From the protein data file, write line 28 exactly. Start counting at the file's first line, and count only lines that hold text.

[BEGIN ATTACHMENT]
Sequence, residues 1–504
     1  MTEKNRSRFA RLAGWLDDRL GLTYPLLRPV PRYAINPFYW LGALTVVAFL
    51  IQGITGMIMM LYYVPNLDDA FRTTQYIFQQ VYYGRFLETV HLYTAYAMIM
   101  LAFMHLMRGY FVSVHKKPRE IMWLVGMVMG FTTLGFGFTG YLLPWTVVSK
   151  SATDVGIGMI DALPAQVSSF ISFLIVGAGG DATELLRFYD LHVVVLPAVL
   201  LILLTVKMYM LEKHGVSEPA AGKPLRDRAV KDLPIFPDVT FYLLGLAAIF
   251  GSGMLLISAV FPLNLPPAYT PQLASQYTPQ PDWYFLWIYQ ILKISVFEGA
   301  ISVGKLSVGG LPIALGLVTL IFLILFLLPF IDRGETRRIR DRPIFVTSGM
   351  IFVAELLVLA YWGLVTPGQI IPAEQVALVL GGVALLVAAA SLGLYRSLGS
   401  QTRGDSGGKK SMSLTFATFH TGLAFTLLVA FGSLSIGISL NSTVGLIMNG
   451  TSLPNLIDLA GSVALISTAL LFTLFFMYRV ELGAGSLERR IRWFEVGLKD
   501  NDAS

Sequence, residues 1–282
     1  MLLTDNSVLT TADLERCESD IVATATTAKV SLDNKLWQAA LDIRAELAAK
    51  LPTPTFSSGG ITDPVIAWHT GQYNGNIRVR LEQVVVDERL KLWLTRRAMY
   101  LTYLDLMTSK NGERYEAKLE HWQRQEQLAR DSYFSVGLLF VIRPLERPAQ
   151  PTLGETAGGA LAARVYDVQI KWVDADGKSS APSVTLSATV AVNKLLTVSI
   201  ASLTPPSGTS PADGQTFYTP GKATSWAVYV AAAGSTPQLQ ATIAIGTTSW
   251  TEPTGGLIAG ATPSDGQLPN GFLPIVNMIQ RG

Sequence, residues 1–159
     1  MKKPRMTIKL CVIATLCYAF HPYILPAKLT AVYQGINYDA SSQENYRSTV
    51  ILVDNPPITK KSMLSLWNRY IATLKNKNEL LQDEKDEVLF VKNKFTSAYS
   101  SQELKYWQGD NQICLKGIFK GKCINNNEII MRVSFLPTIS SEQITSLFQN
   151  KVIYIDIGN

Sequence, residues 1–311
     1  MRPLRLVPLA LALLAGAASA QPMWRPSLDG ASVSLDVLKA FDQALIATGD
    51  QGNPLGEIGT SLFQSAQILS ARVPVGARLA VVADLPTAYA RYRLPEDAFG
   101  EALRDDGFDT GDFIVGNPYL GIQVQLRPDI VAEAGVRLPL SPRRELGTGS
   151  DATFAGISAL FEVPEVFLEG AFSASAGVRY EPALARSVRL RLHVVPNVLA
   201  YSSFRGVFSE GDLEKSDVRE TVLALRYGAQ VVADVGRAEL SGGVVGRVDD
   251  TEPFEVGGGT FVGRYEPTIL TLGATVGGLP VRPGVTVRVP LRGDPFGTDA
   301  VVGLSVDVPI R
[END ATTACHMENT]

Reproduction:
   101  EALRDDGFDT GDFIVGNPYL GIQVQLRPDI VAEAGVRLPL SPRRELGTGS